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Extracted from Mayes' Midwifery 14th Edition, Sue Macdonald, Julia Magill-Cuerden (Eds) Oxford; Baillre Tindall: 2011 Courtesy Elsevier, and

Myles Textbook for Midwives 15th Edition. Diane M. Fraser, Margaret A. Cooper (Eds). London; Churchill Livingstone: 2009. Courtesy Elsevier.

A generally accepted definition of hypoglycaemia in infants is serum glucose of <2.6mmo/l. Non-specific signs in the newborn can be vague: they include lethargy, poor feeding and 'jitteriness'. These signs can also be due to sepsis and sometimes a healthy term infant can be sleepy and reluctant to feed. However, if these signs persist or worsen, the midwife should seek immediate paediatric advice and anticipate investigations for sepsis and hypoglycaemia. Specific signs comprise increasing lethargy and irritability with a reduction in level of consciousness and eventually seizures, associated with a risk of cerebral damage.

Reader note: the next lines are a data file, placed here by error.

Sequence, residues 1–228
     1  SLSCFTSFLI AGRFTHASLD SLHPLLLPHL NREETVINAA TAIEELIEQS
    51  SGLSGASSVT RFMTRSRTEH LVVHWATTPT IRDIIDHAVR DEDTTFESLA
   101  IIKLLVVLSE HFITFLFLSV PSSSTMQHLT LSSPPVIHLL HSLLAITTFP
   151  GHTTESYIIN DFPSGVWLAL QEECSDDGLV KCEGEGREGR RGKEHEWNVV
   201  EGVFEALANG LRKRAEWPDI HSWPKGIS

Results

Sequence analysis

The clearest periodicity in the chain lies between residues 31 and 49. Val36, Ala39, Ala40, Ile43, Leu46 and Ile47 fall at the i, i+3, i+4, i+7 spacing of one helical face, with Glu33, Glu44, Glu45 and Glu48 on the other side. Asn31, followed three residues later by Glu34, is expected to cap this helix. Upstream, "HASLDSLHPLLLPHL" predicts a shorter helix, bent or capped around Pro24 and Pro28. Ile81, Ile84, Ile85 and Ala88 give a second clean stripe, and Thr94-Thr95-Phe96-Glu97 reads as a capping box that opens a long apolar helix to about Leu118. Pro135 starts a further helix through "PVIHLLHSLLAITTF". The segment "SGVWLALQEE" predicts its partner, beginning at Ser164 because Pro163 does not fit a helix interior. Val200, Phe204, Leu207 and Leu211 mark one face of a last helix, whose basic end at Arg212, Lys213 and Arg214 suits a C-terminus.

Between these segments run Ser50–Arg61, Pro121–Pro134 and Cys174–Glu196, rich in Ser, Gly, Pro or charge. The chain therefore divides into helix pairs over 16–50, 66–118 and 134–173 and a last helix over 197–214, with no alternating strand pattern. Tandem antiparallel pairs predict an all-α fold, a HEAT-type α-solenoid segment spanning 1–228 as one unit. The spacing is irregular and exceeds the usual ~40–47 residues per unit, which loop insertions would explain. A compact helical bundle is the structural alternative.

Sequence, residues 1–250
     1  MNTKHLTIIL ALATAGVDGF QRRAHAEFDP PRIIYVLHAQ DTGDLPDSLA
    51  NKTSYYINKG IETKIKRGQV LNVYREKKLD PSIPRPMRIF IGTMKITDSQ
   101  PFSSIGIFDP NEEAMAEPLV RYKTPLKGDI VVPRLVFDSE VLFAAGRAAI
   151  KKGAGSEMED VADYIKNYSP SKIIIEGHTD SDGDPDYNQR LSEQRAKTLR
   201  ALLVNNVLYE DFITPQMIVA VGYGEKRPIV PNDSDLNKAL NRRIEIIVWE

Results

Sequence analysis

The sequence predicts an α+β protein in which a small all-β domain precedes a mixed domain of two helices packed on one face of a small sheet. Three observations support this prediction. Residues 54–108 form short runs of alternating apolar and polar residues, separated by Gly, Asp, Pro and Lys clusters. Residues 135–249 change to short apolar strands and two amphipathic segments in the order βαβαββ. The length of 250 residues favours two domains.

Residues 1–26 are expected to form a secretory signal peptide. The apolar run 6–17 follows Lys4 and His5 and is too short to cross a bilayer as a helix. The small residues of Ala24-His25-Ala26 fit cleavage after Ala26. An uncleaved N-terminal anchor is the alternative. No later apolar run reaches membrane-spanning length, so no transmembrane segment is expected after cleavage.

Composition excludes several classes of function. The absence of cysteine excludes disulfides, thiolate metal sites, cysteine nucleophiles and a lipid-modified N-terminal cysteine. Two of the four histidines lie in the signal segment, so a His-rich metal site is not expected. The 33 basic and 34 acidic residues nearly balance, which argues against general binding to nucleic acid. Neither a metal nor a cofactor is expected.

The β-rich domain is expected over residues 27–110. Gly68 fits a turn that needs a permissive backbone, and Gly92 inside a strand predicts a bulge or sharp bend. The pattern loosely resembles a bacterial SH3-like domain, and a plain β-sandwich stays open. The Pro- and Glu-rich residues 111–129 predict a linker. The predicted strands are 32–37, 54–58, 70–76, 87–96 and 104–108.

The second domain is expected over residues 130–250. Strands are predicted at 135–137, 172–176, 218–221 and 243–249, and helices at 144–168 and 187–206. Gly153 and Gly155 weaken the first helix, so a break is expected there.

Be aware that reagent strips can be unreliable when blood glucose levels are very low, and a blood sample is required to provide a true blood (plasma) glucose level.

If low serum glucose is confirmed, urgent treatment is required to avoid permanent cerebral damage.

Risk factors for neurological sequelae of hypoglycaemia

  • Pre-term infants (<37 weeks)
  • Growth restricted infants (<3rd centile for gestation)
  • Infants of diabetic mothers
  • Sick, term infants e.g. sepsis or following perinatal hypoxia-ischaemia
  • Infants with inborn errors of metabolism


If serum glucose concentration is <2.6 mmol/l then feed should be give at increased volume and decreased frequency. Supplementary feeding with formula milk may be required in infants who are breastfed, and/or nasogastric tube (NGT) feeding - expressed breast milk can be used for NGT. Infants where enteral feeding is contraindicated for any reason, then intravenous 10% dextrose, 60 ml/kg per day should be initiated.

Further reading

Medscape. Cranmer H. (2014) Neonatal Hypoglycemia. Available at:

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